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Updated at 10:00 am on 9 December 2012
Delegates at UN climate talks in Qatar have agreed to extend the Kyoto Protocol until 2020.
The deal, agreed by nearly 200 nations, keeps the protocol alive as the only legally binding plan for combating global warming.
However, it covers only developed nations whose share of world greenhouse gas emissions is less than 15%.
The 12-day meeting in Doha overran by more than 24 hours because of differences over whether rich nations should have to compensate poorer states for losses due to climate change.
AFP reports a deal was finally agreed on Saturday after the European Union, Australia and several other industrialised nations agreed to binding CO2 cuts by 2020.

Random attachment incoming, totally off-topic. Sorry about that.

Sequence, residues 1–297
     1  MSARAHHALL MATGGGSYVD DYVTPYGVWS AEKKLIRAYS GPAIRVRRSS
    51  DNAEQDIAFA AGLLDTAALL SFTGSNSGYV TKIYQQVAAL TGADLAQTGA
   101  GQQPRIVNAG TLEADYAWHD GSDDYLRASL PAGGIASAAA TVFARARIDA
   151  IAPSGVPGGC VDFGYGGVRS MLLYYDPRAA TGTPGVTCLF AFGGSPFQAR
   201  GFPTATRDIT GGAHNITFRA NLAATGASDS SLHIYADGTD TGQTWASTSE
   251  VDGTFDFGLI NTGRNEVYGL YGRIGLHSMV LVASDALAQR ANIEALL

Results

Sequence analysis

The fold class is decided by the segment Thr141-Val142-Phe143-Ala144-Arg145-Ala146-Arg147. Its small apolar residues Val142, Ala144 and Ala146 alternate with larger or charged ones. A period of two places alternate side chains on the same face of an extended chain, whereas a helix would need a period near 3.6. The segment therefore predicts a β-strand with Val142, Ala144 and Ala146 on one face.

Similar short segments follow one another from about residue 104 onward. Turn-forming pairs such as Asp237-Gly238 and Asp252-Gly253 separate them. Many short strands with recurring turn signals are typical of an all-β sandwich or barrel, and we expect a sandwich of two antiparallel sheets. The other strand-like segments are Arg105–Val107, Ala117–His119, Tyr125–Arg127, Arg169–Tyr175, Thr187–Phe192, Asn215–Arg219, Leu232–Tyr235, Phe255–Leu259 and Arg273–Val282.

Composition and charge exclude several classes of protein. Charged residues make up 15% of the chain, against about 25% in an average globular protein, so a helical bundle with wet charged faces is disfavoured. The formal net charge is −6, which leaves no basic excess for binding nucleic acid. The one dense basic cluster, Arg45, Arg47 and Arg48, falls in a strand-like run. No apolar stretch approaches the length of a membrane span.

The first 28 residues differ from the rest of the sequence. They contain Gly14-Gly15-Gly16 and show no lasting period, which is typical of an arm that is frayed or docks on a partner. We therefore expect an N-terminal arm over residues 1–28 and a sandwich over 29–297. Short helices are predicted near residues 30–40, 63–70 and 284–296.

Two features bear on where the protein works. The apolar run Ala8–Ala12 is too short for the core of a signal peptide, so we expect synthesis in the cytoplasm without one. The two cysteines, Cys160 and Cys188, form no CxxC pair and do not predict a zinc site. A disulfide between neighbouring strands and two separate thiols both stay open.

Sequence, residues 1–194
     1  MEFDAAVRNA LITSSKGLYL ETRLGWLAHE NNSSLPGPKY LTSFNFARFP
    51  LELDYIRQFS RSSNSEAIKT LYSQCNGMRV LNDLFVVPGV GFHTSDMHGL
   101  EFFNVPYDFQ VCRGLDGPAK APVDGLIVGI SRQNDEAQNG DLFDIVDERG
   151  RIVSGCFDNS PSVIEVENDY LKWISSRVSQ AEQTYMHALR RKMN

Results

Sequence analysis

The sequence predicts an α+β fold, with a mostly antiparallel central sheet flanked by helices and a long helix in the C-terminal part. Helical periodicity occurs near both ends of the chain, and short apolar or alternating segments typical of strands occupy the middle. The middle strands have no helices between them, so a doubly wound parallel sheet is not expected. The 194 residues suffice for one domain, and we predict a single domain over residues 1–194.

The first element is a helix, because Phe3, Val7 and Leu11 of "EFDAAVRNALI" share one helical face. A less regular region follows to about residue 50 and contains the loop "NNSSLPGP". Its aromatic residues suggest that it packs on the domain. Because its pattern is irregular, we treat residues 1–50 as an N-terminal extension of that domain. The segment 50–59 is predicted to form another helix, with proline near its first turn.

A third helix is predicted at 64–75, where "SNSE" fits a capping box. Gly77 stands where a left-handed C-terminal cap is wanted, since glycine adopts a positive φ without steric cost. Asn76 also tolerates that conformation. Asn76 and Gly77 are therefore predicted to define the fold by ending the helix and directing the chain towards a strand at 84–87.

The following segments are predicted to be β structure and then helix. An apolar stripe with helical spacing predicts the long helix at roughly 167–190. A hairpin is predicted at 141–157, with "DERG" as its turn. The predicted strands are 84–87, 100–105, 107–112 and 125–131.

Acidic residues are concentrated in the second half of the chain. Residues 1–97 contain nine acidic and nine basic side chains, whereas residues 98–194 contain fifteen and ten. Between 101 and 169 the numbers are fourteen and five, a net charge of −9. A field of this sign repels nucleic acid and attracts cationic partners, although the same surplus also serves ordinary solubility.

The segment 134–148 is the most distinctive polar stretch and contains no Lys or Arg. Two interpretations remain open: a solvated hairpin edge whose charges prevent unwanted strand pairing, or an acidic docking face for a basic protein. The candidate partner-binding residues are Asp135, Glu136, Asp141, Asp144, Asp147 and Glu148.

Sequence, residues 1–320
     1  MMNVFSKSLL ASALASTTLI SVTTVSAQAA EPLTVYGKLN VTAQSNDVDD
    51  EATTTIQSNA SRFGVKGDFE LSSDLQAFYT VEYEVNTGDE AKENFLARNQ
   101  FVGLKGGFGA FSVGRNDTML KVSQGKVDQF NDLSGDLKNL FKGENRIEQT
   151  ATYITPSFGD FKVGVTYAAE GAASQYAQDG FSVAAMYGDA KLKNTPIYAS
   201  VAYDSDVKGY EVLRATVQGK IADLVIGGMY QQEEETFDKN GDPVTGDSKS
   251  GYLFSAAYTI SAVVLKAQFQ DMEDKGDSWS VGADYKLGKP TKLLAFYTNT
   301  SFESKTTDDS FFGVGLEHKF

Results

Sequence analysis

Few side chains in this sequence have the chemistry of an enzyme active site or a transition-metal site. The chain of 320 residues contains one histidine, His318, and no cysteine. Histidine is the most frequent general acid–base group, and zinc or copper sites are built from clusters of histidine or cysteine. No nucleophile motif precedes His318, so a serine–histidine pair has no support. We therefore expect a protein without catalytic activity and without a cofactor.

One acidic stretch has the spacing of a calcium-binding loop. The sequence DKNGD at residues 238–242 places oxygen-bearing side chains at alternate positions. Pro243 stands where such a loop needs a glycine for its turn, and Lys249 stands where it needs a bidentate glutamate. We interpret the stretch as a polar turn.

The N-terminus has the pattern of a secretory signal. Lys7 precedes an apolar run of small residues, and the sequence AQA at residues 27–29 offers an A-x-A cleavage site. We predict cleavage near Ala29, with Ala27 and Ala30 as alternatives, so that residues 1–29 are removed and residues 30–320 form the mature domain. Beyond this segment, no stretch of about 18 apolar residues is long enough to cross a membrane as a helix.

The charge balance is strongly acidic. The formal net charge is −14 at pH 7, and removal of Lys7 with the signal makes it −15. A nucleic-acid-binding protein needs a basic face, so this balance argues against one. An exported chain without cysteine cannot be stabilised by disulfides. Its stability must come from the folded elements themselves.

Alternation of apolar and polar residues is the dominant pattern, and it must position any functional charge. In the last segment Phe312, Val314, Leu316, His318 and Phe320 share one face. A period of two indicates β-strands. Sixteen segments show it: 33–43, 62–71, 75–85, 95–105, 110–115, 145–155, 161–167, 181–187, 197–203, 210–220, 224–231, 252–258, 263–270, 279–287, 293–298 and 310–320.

However, the BBC reports the protocol excludes some major polluters, including the United States, China and India.
The US has never ratified the original 1997 protocol, which was due to expire later this year.
The BBC reports the conference also cleared the way for the Kyoto protocol to be replaced by a new treaty binding all rich and poor nations together by 2015 to tackle climate change.
The final text "encourages" rich nations to mobilise at least $US10 billion per year up to 2020, when the new agreement is due to begin.
The US, EU and China accepted the agreement with varying degrees of reservation.
The talks were chaired by Abdullah bin Hamad al-Attiyah, a former head of OPEC. He was widely criticised for his laid-back style earlier in the week, but was cheered by environmentalists by the end.
Copyright © 2012, Radio New Zealand
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